The device 820 may communicate with other devices 810, 850 over a communications media 812, 842, respectively, using communications signals 814, 844, respectively, via the communications component 840. The devices 810, 850 may be internal or external to the device 820 as desired for a given implementation.

Device 810 may comprise a mobile device used by a user of an application supported by the notification support system 110. Device 810 may comprise a mobile device used to submit a notification, such as mobile device 570, wherein communications signals 814 sent over communications media 812 may comprise the transmission of message bundle 160 from mobile device 570 to the submission component 120. Device 810 may comprise a mobile device submitting an update to its associated recipient record, such as mobile device 670, wherein communications signals 814 sent over communications media 812 may comprise the transmission of recipient record update 660 from mobile device 670 to the record update component 620. Device 810 may comprise a device receiving a notification, such as device 370-1, wherein communications signals 814 sent over communications media 812 may comprise the transmission of message 163 from delivery component 140 to the mobile device 370-1.

Device 850 may comprise a device used by a developer of an application supported by the notification support system 110. Device 850 may comprise a device used to register an application to the notification support system 110, wherein communications signals 844 sent over communications media 842 may comprise the transmission of registration information from device 850 to the notification support system 110. Device 850 may comprise a device used by a developer to submit a notification for distribution to users of the developer's application, such as developer device 580, wherein communications signals 814 sent over communications media 812 may comprise the transmission of message bundle 560 from developer device 580 to the submission component 120.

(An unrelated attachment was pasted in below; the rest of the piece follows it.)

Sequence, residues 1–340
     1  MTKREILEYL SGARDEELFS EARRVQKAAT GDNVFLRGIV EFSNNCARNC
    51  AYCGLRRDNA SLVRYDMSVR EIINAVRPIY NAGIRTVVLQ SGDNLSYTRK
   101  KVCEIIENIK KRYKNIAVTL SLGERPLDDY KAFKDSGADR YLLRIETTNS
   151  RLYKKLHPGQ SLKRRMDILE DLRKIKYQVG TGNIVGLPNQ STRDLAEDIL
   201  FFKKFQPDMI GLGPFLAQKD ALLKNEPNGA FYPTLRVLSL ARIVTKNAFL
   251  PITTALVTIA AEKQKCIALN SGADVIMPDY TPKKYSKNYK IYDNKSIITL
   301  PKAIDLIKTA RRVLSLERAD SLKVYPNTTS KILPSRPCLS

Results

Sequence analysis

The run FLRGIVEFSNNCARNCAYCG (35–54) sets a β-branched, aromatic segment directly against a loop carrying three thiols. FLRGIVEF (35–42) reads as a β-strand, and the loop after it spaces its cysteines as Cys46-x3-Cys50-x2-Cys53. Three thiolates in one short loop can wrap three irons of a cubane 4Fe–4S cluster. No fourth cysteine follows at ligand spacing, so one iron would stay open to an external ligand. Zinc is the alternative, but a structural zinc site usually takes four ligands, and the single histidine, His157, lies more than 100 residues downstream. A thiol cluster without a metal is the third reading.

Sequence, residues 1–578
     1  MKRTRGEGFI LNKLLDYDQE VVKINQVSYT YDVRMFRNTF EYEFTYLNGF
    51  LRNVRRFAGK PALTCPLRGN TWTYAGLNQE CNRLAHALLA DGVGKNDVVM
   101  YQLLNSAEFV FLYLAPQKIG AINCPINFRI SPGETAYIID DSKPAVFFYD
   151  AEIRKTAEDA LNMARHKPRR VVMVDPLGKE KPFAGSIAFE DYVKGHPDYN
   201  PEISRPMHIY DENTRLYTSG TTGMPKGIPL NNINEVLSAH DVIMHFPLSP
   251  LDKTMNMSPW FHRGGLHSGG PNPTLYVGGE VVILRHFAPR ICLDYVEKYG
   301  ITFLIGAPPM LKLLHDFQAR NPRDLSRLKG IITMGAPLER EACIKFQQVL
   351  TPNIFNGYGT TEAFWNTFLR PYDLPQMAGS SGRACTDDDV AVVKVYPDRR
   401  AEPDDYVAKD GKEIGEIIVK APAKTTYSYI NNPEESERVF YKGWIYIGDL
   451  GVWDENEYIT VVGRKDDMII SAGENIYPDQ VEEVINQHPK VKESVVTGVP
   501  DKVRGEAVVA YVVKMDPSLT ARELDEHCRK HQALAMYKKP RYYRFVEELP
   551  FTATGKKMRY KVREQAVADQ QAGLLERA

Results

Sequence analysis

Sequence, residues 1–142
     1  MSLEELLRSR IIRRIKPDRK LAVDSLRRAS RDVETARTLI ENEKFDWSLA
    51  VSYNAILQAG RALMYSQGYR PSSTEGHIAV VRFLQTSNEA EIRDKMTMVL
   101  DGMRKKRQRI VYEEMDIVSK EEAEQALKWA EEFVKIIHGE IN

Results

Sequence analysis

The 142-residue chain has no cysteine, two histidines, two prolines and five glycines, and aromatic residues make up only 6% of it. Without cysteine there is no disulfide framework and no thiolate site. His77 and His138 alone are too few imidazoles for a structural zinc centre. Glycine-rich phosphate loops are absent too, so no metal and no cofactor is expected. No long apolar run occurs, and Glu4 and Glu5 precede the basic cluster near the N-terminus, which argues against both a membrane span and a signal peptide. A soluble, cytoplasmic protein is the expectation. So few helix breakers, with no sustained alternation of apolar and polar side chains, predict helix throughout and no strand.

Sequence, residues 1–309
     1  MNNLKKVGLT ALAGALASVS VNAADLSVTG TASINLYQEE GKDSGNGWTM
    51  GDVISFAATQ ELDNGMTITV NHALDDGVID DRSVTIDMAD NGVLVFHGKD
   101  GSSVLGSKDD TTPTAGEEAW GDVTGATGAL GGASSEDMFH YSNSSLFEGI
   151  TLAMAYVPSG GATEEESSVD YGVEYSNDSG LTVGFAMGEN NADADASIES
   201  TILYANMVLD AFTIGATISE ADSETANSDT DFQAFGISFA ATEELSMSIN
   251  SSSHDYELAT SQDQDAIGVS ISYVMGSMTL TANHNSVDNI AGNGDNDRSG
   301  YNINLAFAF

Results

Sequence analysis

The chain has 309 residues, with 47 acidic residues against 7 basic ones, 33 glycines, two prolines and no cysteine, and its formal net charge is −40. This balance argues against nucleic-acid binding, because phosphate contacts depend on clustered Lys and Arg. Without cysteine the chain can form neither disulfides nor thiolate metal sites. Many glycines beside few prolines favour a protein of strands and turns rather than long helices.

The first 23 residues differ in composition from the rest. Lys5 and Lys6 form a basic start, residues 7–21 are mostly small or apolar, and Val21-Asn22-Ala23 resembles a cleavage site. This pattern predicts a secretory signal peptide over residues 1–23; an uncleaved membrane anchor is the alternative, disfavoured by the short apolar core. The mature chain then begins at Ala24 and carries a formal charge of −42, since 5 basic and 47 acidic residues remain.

FIG. 9 illustrates a block diagram of a distributed system 900. The distributed system 900 may distribute portions of the structure and/or operations for the notification support system 110 across multiple computing entities. Examples of distributed system 900 may include without limitation a client-server architecture, a 3-tier architecture, an N-tier architecture, a tightly-coupled or clustered architecture, a peer-to-peer architecture, a master-slave architecture, a shared database architecture, and other types of distributed systems. The embodiments are not limited in this context.